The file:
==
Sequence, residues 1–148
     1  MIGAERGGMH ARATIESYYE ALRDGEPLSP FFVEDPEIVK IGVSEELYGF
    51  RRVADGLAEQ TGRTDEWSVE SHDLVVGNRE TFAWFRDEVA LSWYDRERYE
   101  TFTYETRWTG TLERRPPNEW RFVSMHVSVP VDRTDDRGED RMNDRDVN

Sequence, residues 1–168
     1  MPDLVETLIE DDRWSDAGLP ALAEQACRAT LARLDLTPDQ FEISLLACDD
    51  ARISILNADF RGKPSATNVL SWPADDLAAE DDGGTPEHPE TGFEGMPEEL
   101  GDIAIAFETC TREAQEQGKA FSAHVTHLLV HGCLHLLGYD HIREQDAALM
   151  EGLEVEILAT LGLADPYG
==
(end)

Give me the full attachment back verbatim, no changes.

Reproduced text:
Sequence, residues 1–148
     1  MIGAERGGMH ARATIESYYE ALRDGEPLSP FFVEDPEIVK IGVSEELYGF
    51  RRVADGLAEQ TGRTDEWSVE SHDLVVGNRE TFAWFRDEVA LSWYDRERYE
   101  TFTYETRWTG TLERRPPNEW RFVSMHVSVP VDRTDDRGED RMNDRDVN

Sequence, residues 1–168
     1  MPDLVETLIE DDRWSDAGLP ALAEQACRAT LARLDLTPDQ FEISLLACDD
    51  ARISILNADF RGKPSATNVL SWPADDLAAE DDGGTPEHPE TGFEGMPEEL
   101  GDIAIAFETC TREAQEQGKA FSAHVTHLLV HGCLHLLGYD HIREQDAALM
   151  EGLEVEILAT LGLADPYG